No doubt, the Utah senator’s comments were, at least in part, his own virtue-signaling to his predominantly Mormon constituency. But he draws on an important economic idea: at the margin, human beings have a positive effect on the world. Human ingenuity, hard work, preferences, and values create goods, and among those goods can be improved environmental quality. Julian Simon popularized this idea in his 1981 book The Ultimate Resource, and it has been restated in recent years by, among others, Cowen in his new book Stubborn Attachments (reviewed by Pierre Lemieux here), Bryan Caplan in his 2011 book Selfish Reasons to Have More Kids, and my Cato colleague Marian Tupy and BYU economist Gale Pooley in their 2018 paper on the “Simon Abundance Index.”
Itkowitz claims “science and reason” say different. To justify that, she links to a 2017 paper that actually doesn’t determine “that one way an individual could contribute to eliminating greenhouse gases is to have one fewer child,” but rather examines Canadian high school science textbooks’ recommendations for reducing greenhouse gas emissions. A possible strategy—one that none of the textbooks recommend, which the paper’s authors lament—is to “have one fewer child.” That paper, in turn, cites a 2009 paper that estimates the carbon emissions resulting from an offspring, including a share of the subsequent emissions of that offspring’s descendants. Not surprisingly, that’s a big number, dwarfing the carbon-reduction benefits of such common strategies as recycling, switching from gasoline-powered cars to hybrids and electric cars, and upgrading lightbulbs. (My takeaway from the 2017 paper is how pointless many of the commonly advocated carbon-reduction strategies are.)
The 2009 paper is a mathematical modeling exercise under various assumptions, resulting in different estimated marginal “carbon legacies.” But that doesn’t show Itkowitz is right and Lee’s being foolish because the paper ignores Lee’s point about the effects of population change on innovation and living standards.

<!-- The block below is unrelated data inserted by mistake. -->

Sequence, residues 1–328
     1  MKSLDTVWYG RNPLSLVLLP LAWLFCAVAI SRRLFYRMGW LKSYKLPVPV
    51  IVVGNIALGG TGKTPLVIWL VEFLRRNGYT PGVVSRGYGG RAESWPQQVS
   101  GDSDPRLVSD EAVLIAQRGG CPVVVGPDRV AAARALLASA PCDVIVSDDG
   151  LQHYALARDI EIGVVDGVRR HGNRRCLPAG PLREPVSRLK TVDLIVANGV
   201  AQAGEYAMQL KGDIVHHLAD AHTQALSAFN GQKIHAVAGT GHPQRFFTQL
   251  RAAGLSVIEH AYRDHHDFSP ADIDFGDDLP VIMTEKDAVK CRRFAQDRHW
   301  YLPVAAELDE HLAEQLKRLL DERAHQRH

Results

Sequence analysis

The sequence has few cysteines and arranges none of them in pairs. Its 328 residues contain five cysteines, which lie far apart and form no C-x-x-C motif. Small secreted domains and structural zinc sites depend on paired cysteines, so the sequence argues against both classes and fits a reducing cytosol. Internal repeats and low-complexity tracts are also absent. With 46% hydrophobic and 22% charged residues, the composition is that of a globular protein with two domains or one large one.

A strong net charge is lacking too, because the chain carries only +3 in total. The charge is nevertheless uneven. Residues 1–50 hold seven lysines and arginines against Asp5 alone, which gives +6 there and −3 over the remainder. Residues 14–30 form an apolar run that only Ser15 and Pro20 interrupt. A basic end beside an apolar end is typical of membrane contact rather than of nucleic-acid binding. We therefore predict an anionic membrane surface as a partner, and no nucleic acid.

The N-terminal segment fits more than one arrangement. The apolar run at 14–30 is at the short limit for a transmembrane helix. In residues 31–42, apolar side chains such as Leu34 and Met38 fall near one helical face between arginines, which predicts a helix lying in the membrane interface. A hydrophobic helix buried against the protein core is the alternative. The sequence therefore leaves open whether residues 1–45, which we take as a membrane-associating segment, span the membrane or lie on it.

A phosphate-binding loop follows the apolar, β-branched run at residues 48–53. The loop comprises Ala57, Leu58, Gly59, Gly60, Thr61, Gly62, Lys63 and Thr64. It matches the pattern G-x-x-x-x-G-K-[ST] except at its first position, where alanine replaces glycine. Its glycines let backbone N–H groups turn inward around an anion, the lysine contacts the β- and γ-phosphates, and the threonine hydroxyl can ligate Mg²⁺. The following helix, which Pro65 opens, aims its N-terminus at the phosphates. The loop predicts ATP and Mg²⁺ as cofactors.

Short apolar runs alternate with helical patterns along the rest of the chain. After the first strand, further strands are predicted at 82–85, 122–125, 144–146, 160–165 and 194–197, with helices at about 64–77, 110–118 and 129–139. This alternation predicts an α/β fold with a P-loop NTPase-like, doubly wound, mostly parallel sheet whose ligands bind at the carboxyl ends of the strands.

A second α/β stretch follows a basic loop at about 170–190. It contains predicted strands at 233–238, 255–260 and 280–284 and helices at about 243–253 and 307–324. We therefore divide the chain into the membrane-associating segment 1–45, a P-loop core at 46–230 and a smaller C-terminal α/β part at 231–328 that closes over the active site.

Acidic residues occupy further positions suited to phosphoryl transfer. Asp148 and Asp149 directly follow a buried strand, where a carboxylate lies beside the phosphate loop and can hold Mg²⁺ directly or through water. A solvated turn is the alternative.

From tin shortages in the ancient world, to William Strong Newberry’s 1875 (yes, 1875) warning that the world was running out of oil, to Paul Ehrlich’s Population Bomb, to Jimmy Carter’s moral equivalent of war, population growth has placed humanity on the Malthusian edge of poverty and privation—or so we keep being told. But we never fall off that edge. In fact, we keep moving away from it: we grow fatter (alas), longer-lived, and more comfortable. The reason is simple: more people means more innovation and resource availability, which means a higher standard of living rather than the opposite.
That doesn’t mean humanity is guaranteed to find some easy, innovative way to cut greenhouse gas emissions. As my Cato colleague Peter Van Doren noted, both Lee’s optimism and Itkowitz’s pessimism are attitudes (probably correlated to their politics) rather than testable, scientific hypotheses. That said, history suggests it’s more likely that humanity will find innovative ways to cut emissions, or geo-engineer around climate change, or accommodate change, than that reducing (or government constraining) population growth will save us from a much warmer world—or that there will be no future environmental quality innovations.
All that said, some legitimate criticisms can be made of Lee’s remarks. Government can be a useful tool for addressing externalities, just as it can also be a terrible tool. And there are plenty more examples of people showing the “courage” to start families than there are of policymakers showing the courage to address difficult policy problems (e.g., entitlements insolvency, government debt, pork and rent-seeking, better childhood education…) Those criticisms would have made good reading, as would a broader discussion of Malthus and neo-Malthusianism, government intervention, and population change. Unfortunately, instead of that, readers got was the equivalent of the aforementioned Reagan–velociraptor picture.
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Thomas A. Firey is a Cato Institute senior fellow and managing editor of Cato’s policy journal Regulation.